July 18th , 2024



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Hetty Green, often remembered as the most miserly woman in history, was born in America in 1835 to a prosperous family. She was the only daughter of a wealthy businessman, and upon his death, she inherited a fortune estimated at $7.5 million. This substantial inheritance laid the foundation for what would become a life defined by both extraordinary financial acumen and extreme frugality.

At the age of twenty-one, Hetty moved to New York City with the ambition of multiplying her wealth through investments in Wall Street. Her shrewd financial strategies and relentless pursuit of profit earned her the nickname “The Wicked Witch of Wall Street.” Despite her vast fortune, Hetty's lifestyle was remarkably austere. She was known to live off leftover cakes and broken biscuits from grocery stores, and she famously argued daily to get a free bone for her dog.

Hetty's frugality extended to every aspect of her life. She wore the same black dress until it was completely worn out and reportedly subsisted on a pie that cost only two cents. Hetty’s thriftiness was so extreme that she never spent money on hot water and continued to use underpants she had sewn herself at the age of sixteen until her death.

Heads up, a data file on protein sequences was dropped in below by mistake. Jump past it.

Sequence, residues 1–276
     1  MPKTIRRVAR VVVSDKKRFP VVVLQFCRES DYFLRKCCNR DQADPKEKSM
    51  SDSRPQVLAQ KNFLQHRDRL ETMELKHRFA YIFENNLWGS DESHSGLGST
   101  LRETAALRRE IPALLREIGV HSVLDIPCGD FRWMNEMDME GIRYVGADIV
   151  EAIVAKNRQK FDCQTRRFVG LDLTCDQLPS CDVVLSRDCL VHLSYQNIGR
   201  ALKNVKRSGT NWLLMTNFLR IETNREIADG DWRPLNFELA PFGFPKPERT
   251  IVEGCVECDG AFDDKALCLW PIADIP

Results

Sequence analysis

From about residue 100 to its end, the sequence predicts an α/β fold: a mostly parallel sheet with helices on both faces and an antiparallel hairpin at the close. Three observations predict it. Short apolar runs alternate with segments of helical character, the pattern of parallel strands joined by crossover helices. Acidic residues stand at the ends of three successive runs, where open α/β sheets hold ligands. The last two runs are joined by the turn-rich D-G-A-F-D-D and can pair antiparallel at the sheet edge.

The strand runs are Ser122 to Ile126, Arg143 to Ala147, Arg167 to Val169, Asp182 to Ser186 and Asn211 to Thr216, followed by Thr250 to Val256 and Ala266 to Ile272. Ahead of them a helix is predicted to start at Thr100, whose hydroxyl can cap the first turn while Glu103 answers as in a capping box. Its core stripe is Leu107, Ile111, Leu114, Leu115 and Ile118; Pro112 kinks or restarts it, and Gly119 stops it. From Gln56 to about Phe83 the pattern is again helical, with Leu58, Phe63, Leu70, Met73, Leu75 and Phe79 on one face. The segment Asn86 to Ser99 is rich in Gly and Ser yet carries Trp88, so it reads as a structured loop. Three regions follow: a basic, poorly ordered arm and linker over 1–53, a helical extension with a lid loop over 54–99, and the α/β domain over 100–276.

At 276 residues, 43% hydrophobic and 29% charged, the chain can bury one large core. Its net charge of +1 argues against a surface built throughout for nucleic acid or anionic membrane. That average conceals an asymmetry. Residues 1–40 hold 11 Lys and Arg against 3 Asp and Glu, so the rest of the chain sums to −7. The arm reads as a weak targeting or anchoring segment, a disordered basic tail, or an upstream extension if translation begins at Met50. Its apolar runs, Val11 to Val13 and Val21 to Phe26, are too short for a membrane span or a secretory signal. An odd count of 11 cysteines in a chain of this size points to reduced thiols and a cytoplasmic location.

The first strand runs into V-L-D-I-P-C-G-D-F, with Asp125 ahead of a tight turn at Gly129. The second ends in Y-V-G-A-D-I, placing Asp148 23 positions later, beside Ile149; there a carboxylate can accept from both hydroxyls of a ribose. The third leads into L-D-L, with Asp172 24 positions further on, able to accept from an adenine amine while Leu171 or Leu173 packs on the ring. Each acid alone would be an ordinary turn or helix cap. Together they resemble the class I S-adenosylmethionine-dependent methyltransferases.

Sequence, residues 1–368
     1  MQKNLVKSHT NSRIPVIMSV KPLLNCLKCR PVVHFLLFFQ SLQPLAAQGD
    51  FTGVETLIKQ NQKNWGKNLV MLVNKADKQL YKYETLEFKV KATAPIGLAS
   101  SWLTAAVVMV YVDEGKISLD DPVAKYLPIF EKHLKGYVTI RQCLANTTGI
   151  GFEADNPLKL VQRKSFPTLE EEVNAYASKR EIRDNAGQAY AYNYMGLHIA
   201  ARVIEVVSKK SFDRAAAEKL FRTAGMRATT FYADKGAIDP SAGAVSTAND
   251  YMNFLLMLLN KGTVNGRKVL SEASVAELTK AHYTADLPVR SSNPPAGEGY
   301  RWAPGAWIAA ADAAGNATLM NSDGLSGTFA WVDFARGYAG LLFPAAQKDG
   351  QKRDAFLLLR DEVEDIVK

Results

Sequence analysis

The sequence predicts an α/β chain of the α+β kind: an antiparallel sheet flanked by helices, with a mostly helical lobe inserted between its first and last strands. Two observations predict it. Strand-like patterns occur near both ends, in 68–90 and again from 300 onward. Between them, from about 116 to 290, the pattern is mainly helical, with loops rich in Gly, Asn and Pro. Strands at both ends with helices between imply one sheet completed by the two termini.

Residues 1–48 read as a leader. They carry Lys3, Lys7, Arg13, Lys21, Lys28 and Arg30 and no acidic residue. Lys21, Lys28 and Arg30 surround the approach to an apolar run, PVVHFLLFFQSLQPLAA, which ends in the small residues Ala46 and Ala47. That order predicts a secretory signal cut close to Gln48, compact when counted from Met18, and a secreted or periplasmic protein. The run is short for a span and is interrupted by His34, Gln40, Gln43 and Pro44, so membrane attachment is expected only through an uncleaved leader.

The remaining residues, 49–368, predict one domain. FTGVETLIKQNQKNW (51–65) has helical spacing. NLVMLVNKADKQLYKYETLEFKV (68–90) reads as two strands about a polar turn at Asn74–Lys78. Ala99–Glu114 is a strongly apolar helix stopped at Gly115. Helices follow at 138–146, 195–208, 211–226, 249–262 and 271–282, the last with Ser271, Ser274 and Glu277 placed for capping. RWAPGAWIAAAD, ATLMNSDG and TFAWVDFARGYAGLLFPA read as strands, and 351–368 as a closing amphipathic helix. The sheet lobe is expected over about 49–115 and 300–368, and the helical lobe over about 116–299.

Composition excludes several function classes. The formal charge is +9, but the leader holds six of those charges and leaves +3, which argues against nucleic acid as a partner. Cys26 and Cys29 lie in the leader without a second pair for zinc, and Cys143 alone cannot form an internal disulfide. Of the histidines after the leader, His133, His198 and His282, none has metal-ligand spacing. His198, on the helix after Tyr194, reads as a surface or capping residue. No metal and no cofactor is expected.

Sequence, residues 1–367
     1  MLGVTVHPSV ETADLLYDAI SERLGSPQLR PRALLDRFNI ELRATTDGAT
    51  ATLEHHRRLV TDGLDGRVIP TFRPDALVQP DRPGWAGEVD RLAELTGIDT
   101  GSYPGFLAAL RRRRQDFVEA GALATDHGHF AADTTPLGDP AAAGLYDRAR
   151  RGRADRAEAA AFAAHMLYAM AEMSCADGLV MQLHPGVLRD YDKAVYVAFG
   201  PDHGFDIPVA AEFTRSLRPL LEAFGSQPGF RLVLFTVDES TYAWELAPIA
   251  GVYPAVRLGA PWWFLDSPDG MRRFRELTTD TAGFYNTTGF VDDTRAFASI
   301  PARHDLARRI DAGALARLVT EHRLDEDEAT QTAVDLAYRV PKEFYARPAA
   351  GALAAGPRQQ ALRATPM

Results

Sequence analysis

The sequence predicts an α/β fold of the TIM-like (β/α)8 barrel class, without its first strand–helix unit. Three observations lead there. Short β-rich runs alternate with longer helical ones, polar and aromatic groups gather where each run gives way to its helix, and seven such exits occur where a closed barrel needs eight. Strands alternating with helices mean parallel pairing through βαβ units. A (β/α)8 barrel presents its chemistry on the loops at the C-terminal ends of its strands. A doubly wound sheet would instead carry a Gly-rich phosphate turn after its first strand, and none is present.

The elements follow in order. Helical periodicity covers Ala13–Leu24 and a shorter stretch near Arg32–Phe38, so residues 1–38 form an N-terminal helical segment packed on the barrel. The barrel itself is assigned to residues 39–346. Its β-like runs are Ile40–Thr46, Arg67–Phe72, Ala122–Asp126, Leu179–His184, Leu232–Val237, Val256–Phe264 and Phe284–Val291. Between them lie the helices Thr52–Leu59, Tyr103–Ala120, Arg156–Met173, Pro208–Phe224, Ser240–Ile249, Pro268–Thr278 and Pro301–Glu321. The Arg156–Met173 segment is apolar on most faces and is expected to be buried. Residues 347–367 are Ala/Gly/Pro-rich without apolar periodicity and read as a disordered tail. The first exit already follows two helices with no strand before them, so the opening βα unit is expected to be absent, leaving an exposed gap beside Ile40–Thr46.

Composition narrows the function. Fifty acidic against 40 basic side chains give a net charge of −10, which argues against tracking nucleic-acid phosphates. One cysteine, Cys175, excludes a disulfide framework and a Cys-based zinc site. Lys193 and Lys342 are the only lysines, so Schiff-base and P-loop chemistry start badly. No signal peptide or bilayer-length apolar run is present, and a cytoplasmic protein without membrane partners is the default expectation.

Her stinginess had dire consequences for her family. When her son broke his leg, Hetty's refusal to pay for medical treatment led to a delay in care, ultimately resulting in the amputation of his leg. This incident, among others, cemented her reputation as the epitome of miserliness.

Despite her miserly ways, Hetty's financial success was undeniable. Her wealth, meticulously invested, grew to an estimated $2.3 billion by today’s standards. Hetty Green's life came to an end in 1916 at the age of 81, following a stroke triggered by an argument with her maid over a pay raise. She died in New York City, leaving behind an immense fortune and a legacy marked by her entry into the Guinness Book of World Records as the “most stingy person in the world.”

In stark contrast to their mother, Hetty's children were known for their generosity. Her daughter, Sylvia Green, used part of her inherited wealth to build a free hospital, reflecting a complete departure from Hetty’s extreme frugality. Hetty Green's story remains a fascinating example of the interplay between wealth and personality, illustrating how one woman's extreme thrift helped her amass a legendary fortune while shaping her legacy as history’s most notorious miser.

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Nicholas Baiden


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